Your body has increased calorie needs postpartum so it’s especially important to fuel your body with nourishing, satisfying foods. Your meals might be as unpredictable as your baby in the early weeks, so having healthy food on hand will ensure you’re getting enough calories to support your breastfeeding goals. Even if you’re not breastfeeding, your body will need nourishment to recover from childbirth. Have healthy snacks handy – in the nursery, next to the couch, in the diaper bag – so that you can grab a handful of trail mix or a granola bar when hunger hits. Meals don’t need to be fancy – a peanut butter and banana sandwich or can of lentil soup can be put together in minutes.
When a friend offers to bring over a meal or a family member volunteers to empty the dishwasher – say yes! Many new moms may not feel comfortable accepting help, but now is the time for you to bond with your baby and take care of your and her needs – not pay extra attention to the growing pile of laundry! Many people want to help but don’t know how. Bringing over food or running quick errands for you is a great way for you to get items off your to-do list and for others to feel useful.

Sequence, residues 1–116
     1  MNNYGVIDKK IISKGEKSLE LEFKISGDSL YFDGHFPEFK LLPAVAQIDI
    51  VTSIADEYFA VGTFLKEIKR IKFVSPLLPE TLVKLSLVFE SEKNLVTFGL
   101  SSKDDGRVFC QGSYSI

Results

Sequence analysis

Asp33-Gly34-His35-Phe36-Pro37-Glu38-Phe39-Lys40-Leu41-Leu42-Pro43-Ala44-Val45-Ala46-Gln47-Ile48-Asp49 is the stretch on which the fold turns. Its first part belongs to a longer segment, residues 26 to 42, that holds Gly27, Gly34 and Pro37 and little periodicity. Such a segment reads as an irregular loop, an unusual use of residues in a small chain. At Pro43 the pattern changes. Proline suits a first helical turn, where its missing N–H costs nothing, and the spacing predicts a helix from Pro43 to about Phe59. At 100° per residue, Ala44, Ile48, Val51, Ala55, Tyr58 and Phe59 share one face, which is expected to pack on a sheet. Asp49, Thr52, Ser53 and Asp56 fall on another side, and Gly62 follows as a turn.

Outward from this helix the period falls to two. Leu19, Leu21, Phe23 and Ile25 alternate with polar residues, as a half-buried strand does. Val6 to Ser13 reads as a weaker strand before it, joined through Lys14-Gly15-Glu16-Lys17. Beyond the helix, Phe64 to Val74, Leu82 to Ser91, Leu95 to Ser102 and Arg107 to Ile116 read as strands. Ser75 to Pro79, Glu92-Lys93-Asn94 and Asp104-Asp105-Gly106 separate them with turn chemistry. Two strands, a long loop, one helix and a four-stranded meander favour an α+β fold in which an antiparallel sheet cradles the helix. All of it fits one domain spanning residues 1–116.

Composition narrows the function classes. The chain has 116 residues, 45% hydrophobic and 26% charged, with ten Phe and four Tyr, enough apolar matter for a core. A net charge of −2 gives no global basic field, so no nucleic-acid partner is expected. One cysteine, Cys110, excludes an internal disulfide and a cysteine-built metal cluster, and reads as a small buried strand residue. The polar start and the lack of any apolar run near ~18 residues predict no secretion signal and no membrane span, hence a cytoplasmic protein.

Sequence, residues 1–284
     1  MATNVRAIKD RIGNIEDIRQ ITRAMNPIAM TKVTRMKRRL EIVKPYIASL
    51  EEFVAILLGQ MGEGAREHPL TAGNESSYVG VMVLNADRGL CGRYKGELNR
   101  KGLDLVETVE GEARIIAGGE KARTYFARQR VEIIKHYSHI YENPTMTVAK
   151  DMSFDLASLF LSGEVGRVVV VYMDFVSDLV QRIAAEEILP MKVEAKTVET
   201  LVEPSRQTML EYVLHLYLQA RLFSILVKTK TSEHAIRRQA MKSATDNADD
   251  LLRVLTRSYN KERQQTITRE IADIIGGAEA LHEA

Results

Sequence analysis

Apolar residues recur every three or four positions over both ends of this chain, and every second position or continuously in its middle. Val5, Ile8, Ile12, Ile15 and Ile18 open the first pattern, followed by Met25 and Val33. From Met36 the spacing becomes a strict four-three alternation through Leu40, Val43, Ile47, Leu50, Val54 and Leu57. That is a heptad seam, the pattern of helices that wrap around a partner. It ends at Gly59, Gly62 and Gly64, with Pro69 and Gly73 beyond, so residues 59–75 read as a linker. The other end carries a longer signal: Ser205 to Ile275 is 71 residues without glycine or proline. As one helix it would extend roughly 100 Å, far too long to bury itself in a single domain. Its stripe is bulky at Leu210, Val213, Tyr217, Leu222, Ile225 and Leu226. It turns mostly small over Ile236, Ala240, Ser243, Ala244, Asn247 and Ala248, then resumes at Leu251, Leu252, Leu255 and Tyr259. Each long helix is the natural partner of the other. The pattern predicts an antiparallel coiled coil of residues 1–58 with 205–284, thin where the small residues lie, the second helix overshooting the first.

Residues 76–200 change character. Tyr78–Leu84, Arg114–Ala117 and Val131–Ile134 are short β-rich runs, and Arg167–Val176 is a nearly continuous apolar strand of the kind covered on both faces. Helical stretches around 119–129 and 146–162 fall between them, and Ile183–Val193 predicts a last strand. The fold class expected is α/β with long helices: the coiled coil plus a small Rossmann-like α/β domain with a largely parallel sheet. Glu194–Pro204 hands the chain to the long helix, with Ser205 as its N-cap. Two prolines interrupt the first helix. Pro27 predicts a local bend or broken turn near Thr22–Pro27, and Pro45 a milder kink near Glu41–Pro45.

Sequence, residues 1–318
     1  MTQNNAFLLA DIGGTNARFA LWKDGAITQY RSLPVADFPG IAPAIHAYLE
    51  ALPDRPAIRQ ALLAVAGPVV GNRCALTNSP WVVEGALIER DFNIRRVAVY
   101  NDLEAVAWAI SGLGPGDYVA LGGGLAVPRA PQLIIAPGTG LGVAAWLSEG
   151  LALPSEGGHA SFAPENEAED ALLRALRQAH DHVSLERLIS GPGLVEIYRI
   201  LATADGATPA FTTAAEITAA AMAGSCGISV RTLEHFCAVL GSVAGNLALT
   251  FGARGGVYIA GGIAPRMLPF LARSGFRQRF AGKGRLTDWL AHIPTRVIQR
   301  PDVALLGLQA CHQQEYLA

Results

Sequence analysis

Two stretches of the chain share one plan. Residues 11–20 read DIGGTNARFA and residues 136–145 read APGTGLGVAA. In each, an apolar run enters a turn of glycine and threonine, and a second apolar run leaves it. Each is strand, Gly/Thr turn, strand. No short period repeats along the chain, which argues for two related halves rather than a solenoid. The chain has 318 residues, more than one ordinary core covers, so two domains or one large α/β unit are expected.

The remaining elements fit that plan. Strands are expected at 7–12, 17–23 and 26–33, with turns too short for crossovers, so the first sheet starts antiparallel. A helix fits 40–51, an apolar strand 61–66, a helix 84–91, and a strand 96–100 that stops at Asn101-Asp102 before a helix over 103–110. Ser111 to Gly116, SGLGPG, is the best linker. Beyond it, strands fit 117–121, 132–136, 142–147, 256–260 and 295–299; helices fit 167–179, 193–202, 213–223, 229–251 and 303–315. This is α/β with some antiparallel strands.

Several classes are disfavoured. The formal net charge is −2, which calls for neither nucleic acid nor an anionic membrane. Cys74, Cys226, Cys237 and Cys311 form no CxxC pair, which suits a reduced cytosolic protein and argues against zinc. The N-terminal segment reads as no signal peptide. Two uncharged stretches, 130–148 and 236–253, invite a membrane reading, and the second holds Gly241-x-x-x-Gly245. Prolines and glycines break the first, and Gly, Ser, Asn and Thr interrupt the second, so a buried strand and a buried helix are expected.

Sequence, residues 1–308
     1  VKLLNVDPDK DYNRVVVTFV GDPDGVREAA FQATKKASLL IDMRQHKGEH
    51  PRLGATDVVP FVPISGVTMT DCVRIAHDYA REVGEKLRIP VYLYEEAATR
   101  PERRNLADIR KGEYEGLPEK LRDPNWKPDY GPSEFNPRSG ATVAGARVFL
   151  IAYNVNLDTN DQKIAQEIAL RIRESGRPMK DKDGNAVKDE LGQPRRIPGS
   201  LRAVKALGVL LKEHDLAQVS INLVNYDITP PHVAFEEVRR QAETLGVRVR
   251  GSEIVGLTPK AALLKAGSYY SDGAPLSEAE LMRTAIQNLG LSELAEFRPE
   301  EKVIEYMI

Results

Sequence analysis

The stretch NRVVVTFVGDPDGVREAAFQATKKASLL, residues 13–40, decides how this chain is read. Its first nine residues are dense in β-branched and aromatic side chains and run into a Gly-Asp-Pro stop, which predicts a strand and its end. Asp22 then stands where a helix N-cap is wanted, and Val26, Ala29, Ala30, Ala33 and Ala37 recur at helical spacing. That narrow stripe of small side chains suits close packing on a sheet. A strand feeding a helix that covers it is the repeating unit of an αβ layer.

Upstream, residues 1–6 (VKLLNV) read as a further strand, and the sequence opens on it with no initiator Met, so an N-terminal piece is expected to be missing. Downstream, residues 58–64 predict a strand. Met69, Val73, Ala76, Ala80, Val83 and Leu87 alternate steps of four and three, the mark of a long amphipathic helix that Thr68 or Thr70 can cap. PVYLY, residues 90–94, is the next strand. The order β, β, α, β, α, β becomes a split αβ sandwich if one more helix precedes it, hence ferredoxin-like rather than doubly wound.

Seek out a social support group of new moms. Mommy and Me or New Mom classes are popping up everywhere, from hospitals to fitness centers. This is a great way to bond with other moms who are experiencing the same new highs and lows of having a newborn at home. It’s also a great way to practice getting out of the house with your baby (and all the diapers, wipes, and gear you need!). If there aren’t any classes near you, there are plenty of websites and Facebook groups where moms can connect via social media. It’s comforting to know that someone else is awake doing a midnight feed or soothing their baby at 3am just like you!
It is totally normal for it to take weeks or months before you feel like you’re in a parenting groove. Many parents find the first six to eight weeks of a new baby the hardest. Not only did you just give birth, but you are dealing with hormonal changes, exhaustion, relationship dynamic changes, new expectations, feeding your baby, and finding a way to strike a balance between your old life and your new role as a mom. It is important to remember that these issues are common – though not openly talked about – and typically resolve once you feel more comfortable in your new parenting role. However, if you’re experiencing ongoing distress that doesn’t go away on its own and is affecting your daily functioning, speak to your healthcare professional, as it may be a sign you’re experiencing anxiety or postpartum depression.